What with the physical shocks incidental to my first interview with Professor Challenger
and the mental ones which accompanied the second, I was a somewhat demoralized
journalist by the time I found myself in Enmore Park once more. In my aching head the
one thought was throbbing that there really was truth in this man's story, that it was of
tremendous consequence, and that it would work up into inconceivable copy for the
Gazette when I could obtain permission to use it. A taxicab was waiting at the end of the
road, so I sprang into it and drove down to the office. McArdle was at his post as usual.
"Well," he cried, expectantly, "what may it run to? I'm thinking, young man, you have
been in the wars. Don't tell me that he assaulted you."
"We had a little difference at first."
"What a man it is! What did you do?"
"Well, he became more reasonable and we had a chat. But I got nothing out of him--
nothing for publication."
"I'm not so sure about that. You got a black eye out of him, and that's for publication. We
can't have this reign of terror, Mr. Malone. We must bring the man to his bearings. I'll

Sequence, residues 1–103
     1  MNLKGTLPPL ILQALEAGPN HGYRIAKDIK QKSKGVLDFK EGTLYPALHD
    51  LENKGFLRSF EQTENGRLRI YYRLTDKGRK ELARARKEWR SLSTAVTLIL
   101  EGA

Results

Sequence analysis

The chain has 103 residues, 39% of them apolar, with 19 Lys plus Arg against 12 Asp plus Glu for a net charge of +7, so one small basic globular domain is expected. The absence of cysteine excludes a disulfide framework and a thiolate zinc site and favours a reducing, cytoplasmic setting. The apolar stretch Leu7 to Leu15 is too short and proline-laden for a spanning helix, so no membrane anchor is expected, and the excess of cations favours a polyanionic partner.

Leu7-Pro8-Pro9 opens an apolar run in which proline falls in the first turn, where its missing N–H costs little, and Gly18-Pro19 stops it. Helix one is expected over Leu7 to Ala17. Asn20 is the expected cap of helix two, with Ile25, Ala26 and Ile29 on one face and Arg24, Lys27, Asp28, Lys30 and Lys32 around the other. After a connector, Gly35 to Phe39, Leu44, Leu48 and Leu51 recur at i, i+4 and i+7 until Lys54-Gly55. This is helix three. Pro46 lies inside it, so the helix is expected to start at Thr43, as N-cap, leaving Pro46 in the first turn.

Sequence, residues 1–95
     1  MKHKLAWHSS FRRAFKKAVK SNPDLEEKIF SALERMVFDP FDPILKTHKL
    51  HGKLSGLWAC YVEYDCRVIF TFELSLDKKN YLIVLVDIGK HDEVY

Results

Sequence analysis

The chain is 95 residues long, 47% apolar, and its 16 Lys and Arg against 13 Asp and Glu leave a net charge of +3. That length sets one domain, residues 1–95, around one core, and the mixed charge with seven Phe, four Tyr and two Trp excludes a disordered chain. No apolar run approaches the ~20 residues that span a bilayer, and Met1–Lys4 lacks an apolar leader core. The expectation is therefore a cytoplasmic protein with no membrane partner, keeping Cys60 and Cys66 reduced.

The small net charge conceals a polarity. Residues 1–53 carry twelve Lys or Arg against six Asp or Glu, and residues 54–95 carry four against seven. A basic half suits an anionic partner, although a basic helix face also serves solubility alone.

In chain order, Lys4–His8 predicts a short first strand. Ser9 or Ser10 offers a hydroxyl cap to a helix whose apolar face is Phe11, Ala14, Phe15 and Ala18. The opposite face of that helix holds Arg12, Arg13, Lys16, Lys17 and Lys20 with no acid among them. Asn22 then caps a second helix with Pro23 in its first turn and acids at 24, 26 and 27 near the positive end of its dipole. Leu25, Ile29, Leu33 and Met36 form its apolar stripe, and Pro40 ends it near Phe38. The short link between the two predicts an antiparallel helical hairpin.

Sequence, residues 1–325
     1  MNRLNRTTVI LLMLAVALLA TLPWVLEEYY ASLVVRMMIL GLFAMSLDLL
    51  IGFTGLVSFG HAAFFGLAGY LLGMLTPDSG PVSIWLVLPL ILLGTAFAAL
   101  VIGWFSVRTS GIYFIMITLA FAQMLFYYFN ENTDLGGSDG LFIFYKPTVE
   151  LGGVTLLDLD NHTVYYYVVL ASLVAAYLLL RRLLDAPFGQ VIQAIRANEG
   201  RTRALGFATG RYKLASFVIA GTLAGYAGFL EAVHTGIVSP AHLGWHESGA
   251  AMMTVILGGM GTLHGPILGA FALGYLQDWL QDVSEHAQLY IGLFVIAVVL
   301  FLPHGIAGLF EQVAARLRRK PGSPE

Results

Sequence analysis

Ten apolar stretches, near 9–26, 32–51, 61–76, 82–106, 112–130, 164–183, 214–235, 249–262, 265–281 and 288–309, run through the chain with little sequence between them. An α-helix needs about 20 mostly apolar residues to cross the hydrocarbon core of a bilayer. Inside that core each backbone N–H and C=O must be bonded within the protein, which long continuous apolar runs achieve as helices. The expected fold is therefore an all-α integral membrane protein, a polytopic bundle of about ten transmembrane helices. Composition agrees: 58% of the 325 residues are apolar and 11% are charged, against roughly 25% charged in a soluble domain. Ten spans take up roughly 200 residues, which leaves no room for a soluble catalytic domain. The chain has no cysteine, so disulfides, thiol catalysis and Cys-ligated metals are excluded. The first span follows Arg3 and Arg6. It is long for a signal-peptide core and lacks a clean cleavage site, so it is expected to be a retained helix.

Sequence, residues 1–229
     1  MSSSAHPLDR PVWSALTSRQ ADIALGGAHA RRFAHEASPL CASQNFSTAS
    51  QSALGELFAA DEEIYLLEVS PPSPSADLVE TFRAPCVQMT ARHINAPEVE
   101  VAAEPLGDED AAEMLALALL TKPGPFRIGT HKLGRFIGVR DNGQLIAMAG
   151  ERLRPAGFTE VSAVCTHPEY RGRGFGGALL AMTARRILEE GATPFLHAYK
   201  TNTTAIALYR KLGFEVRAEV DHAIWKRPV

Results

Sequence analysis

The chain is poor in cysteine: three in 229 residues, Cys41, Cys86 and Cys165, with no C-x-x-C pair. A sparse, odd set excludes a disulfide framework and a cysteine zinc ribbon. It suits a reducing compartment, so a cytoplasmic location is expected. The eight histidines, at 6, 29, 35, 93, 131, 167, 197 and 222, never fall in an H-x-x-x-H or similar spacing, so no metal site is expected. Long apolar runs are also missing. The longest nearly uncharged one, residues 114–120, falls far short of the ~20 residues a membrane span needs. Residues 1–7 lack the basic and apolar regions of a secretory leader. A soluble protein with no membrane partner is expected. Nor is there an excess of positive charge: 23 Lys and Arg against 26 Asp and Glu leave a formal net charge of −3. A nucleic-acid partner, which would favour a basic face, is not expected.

have a leaderette on him to-morrow that will raise a blister. Just give me the material and
I will engage to brand the fellow for ever. Professor Munchausen--how's that for an inset
headline? Sir John Mandeville redivivus--Cagliostro--all the imposters and bullies in
history. I'll show him up for the fraud he is."
"I wouldn't do that, sir."
"Because he is not a fraud at all."
"What!" roared McArdle. "You don't mean to say you really believe this stuff of his
about mammoths and mastodons and great sea sairpents?"
"Well, I don't know about that. I don't think he makes any claims of that kind. But I do
believe he has got something new."
"Then for Heaven's sake, man, write it up!"
"I'm longing to, but all I know he gave me in confidence and on condition that I didn't." I
condensed into a few sentences the Professor's narrative. "That's how it stands."
McArdle looked deeply incredulous.